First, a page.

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Category: Being a good teacher

Anything about what I should be doing as a teacher next time I interact with a student or make a resource for students.

Context fatigue

Context fatigue is a particular kind of mental exhaustion that happens after having to make sense of multiple different contexts that maths/statistics is embedded in. I feel it regularly, but I feel it most strongly when I have spent a day helping medical students critically analyse the statistics presented in published journal articles.
The problem with maths […]

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The curse of listening

I am often saying how important it is to listen to students, and that I am fascinated by student thoughts and feelings. When students say I am a good teacher my usual response is to say it’s because I have spent the last eleven years in a situation where I get to listen to lots […]

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The importance of names

Three years ago, my university’s Student Engagement Community of Practice collectively wrote a series of blog posts about various aspects of student engagement. I thought I would reproduce my blog post here, since it is still as relevant today as then.
There is a lot that staff can do to engage students in the university […]

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Struggling students are exploring too

I firmly believe that all students deserve to play with mathematical ideas, and that extension is not just for the fast or “gifted” students. I also believe that you don’t necessarily need specially designed extension activities to do exploration — a simple “what if” question can easily launch a standard textbook exercise into an exploration.
This […]

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Teaching people to play SET on the fly

Amie Albrecht recently posted a most wonderful blog post about SET, and it reminded me there were some SET-related things I should post too.
The first is this little reflection on how I go about teaching people to play SET. Amie talks here about a very excellent way to do this, which is to get people […]

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Who is worthy to ask stupid and smart questions?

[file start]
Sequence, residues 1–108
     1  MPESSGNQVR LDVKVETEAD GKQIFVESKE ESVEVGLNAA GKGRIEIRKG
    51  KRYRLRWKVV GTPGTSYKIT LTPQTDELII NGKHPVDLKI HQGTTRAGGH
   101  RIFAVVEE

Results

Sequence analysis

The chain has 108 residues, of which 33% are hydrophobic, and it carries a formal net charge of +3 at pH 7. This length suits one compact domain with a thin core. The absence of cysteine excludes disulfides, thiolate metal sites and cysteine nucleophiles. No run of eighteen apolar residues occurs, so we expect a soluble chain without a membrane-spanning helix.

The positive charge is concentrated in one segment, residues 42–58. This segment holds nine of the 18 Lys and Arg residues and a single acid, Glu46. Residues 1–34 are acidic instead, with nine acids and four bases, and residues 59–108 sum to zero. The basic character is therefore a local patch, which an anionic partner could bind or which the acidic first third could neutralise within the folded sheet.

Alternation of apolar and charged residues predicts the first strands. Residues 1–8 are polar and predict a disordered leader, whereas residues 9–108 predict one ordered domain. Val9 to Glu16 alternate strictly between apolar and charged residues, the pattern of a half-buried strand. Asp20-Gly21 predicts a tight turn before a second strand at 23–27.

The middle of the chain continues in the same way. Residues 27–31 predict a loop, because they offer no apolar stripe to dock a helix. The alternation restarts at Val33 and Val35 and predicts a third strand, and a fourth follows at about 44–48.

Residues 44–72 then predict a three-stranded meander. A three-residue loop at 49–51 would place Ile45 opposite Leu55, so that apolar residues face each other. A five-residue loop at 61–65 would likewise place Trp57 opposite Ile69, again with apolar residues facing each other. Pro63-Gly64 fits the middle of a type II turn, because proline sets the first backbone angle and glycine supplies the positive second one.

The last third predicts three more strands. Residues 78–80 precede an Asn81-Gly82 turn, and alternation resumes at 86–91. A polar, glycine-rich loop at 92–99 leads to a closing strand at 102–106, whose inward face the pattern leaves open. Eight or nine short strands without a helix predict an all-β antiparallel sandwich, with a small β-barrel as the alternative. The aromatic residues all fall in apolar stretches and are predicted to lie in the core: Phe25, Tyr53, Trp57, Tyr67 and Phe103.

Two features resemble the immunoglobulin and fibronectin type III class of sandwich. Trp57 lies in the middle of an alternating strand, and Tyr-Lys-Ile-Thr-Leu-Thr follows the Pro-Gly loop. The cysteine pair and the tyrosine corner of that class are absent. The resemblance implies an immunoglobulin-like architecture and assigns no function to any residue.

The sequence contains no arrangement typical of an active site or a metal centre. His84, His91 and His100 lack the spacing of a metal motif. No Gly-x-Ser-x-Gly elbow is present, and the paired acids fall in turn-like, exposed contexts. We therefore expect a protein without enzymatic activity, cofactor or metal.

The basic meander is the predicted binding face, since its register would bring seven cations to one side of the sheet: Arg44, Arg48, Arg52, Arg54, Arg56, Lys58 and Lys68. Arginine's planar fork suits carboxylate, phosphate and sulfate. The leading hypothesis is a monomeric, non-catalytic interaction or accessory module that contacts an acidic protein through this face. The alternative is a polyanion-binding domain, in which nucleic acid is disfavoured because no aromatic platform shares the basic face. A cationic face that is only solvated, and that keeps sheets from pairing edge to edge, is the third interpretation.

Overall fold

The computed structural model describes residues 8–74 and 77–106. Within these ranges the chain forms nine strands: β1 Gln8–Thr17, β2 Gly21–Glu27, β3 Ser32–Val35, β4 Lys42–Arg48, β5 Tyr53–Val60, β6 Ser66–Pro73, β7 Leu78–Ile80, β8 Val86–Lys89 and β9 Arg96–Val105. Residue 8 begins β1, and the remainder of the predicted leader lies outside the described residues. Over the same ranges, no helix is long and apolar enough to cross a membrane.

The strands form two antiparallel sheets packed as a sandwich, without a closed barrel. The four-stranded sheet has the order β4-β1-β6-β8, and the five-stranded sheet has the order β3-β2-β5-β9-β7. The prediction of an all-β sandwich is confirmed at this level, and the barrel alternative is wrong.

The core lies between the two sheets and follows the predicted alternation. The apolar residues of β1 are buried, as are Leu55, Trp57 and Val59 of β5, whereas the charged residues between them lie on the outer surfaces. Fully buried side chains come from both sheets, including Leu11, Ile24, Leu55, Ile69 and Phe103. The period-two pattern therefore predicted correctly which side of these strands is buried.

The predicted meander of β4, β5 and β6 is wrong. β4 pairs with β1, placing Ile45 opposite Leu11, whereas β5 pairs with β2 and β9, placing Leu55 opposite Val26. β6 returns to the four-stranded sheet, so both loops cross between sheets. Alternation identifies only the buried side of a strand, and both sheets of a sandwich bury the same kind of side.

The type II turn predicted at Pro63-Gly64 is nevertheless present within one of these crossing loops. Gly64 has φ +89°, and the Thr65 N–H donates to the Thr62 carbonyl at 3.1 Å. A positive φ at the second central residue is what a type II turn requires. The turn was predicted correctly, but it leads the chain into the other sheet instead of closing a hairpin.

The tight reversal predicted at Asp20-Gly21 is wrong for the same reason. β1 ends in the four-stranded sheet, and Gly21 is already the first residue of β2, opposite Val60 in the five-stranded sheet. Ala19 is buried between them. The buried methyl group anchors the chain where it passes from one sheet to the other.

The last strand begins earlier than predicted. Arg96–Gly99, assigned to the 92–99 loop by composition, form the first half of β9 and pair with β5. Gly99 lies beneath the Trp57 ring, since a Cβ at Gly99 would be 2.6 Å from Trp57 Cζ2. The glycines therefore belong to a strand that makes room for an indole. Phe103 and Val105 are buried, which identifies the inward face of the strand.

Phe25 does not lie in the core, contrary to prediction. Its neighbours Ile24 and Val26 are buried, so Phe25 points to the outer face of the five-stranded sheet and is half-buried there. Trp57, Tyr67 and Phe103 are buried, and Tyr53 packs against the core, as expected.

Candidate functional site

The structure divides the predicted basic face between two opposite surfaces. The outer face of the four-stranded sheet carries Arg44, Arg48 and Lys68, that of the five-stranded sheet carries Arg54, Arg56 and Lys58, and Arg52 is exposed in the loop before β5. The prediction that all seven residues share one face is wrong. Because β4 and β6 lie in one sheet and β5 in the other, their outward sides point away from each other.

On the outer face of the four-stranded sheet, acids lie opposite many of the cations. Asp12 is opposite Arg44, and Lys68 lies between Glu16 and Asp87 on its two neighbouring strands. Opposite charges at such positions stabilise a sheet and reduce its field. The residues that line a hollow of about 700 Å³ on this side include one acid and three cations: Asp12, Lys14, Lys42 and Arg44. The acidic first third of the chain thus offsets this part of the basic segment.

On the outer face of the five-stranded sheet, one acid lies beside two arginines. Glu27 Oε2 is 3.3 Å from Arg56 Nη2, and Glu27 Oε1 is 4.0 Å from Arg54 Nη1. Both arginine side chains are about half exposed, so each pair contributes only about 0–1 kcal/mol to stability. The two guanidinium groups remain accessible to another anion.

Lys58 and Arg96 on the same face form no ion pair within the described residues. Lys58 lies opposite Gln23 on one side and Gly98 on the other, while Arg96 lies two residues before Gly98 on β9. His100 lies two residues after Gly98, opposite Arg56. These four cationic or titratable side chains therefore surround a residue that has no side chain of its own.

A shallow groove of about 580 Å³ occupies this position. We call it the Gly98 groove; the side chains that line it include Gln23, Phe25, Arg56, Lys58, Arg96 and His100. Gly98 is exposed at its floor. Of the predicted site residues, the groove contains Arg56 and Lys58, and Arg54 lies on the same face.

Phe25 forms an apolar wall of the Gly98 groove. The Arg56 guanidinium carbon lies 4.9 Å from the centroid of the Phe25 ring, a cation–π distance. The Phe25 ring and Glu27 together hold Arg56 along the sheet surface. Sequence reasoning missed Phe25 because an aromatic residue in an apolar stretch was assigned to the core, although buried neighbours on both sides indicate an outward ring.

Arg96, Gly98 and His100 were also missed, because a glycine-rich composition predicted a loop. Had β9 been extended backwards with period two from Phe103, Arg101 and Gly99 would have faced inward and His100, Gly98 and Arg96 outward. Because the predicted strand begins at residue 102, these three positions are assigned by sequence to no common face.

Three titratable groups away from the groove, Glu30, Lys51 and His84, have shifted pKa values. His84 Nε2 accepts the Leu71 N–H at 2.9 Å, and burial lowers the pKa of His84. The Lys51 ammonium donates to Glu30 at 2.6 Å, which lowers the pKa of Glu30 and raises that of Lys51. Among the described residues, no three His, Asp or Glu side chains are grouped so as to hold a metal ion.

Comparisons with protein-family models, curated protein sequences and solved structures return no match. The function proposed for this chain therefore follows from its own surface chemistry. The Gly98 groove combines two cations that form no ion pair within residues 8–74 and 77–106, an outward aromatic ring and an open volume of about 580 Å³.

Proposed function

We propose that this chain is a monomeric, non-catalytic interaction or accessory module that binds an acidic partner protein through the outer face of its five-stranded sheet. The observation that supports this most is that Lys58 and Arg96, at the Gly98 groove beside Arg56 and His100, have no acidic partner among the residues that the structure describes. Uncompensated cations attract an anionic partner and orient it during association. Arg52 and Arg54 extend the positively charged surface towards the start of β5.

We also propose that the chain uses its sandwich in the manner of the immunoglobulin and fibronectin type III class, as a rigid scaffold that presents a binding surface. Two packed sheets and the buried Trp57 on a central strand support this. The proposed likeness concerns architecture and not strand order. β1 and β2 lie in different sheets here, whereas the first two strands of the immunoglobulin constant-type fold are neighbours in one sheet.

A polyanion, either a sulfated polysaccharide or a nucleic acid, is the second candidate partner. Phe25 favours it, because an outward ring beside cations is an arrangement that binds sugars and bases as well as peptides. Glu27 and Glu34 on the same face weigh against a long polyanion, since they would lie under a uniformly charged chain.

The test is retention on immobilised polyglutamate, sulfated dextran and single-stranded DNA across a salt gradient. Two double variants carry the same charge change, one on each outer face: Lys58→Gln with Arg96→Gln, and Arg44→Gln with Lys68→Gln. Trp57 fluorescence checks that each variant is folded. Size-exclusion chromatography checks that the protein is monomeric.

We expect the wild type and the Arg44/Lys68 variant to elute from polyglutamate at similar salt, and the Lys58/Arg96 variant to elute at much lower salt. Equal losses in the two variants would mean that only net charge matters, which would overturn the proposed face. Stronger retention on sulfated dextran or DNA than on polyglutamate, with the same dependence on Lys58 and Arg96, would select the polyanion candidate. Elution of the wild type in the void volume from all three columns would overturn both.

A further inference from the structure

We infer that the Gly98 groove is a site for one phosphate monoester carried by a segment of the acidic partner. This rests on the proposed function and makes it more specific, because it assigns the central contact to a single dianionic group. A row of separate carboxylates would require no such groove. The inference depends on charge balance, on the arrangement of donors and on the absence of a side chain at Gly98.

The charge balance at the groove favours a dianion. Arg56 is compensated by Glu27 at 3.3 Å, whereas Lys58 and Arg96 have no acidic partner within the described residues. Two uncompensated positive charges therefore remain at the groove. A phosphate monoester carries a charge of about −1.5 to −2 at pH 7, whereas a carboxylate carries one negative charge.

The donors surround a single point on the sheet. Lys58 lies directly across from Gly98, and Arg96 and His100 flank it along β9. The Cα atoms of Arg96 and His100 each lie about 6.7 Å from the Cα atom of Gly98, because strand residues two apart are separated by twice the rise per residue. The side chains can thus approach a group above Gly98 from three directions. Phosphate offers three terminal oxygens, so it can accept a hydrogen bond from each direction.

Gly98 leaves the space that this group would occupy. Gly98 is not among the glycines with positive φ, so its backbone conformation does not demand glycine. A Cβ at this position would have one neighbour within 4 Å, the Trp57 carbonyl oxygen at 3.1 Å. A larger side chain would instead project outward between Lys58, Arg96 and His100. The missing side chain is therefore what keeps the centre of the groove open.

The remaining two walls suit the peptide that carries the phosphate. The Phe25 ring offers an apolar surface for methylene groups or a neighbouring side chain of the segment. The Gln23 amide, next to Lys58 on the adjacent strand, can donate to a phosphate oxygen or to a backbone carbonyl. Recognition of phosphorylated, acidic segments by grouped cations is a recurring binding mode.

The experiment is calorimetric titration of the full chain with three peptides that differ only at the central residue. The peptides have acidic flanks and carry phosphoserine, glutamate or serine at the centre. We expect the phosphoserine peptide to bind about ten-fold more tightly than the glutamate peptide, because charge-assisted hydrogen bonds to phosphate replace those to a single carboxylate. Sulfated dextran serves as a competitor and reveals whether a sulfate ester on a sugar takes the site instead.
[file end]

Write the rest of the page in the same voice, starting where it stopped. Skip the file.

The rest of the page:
This post was going to be part of the Virtual Conference of Mathematical Flavours, which you can see all the keynote speakers and presentations here: https://samjshah.com/mathematical-flavors-convention-center/. The prompt for all the blog posts that are part of this conference is this: “How does your class move the needle on what your kids think about the doing of math, or what counts as […]

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Ten years

On the 23rd of July 2008, I started my first day as coordinator of the Maths Learning Centre at the University of Adelaide. Today is the 23rd of July 2018 — the ten year anniversary of that first day. (Well, it was the 23rd of July when I started writing this post!)
So much has happened in […]

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My Favourite is my favourite

A year ago, I went to Twitter Math Camp (TMC) and it was a wonderful experience. TMC is a great conference full of all sorts of opportunities for maths teachers to learn from each other in many ways. The one way I like the best out of all the possibilities is “My Favourite”.
My Favourite is […]

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The Human Galton Board

Last week we were booked in to do Human Markov Chains with several groups of school students, but it turned out there would be a lot fewer of them than we expected, and I didn’t think Human Markov Chains would work very well with under 20 students. I still dearly wanted to do a moving […]

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Human Markov Chains

This blog post is about a moving maths activity that I have wanted to do for years and finally got an opportunity to do this year in 2018. It’s a model of a concept called a “Markov Chain” using human movement.
In a Markov chain, there is a thing that can be in any number of […]

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